Writer: Please assume your audience doesn’t have the chemical name of every artificial sweetener memorized, and tell us, preferably in the first paragraph, what the brand name is!
“Chemical, sold commercially as Brand Name, is…” See how easy that is?
Typical knee jerk reaction…. You have to be consuming a large amount of erythritol & on top of that dealing with already existing conditions like heart, etc…
I don’t know which brand to get that does Not have erythritol in it as this ingredient is not listed on packaging….
Yes, I am going to go there and say it is covid shot related. Prove me wrong and sure this message will be deleted.
If it walks like a duck and quacks like a duck… well, you get my drift. Convenient.
Here’s my question… what did Cargill do to get this sort of bad press? I believe they are one of the largest, privately owned companies in the world; not bowing to ESG?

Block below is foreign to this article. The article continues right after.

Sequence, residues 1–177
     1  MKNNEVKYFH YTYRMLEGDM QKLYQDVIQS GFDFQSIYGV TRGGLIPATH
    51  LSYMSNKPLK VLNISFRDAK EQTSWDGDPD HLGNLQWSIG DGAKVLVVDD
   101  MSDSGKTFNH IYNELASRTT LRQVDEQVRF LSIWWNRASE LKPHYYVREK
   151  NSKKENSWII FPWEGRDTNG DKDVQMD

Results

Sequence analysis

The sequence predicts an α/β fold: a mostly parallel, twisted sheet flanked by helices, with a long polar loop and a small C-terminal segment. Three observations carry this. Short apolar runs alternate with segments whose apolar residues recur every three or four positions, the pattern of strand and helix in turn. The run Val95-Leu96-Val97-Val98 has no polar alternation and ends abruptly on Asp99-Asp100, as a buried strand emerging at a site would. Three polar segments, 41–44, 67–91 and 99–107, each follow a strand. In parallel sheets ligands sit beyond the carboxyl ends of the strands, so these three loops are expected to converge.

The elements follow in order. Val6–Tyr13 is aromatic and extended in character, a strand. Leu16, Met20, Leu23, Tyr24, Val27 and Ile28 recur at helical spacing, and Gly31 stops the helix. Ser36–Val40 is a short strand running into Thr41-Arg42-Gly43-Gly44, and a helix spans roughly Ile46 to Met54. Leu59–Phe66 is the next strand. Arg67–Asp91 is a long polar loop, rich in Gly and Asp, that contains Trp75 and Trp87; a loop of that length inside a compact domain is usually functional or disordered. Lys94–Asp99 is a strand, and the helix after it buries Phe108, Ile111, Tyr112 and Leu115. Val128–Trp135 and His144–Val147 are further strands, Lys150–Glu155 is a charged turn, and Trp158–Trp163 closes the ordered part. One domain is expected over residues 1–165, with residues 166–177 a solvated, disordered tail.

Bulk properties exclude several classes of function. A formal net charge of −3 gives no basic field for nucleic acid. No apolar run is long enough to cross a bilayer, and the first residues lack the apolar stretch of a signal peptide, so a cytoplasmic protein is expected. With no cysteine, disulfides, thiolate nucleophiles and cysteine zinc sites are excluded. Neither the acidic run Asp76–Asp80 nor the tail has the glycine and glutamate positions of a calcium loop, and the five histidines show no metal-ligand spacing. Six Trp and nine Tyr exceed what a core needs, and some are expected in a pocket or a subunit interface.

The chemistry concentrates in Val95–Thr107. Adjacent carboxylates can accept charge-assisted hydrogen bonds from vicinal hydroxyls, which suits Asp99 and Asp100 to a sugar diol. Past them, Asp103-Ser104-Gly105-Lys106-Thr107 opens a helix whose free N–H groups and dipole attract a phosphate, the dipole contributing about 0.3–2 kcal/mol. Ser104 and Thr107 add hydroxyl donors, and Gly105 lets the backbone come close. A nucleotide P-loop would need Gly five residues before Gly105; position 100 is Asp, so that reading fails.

10 bucks tells me that this “study” is connected to Big Sugar and perhaps Big Aspertame.
It’s strange how the article didn’t say HOW MUCH of an increase in higher heart disease was found relative to “x” amount of erythritol. In other words, it’s meaningless without that data and the lack of causation means this article is little more than scaremongering. Obesity increases heart disease too. Which is more dangerous? The same is true with sugar. Is type 2 diabetes worth using sugar instead of an artificial sweetener where appropriate? I don’t think so.
For those wondering, erythritol is in powdered Splenda and Stevia as a filler for texture more than sweetening. I buy liquid sucralose which has zero erythritol. I think it may also be found in some sugar free gums. I bought some to try in no sugar homemade ice cream in the past. It did taste very sugar-like. I’m still here so it must not be an instance death sentence…. (rolls eyes)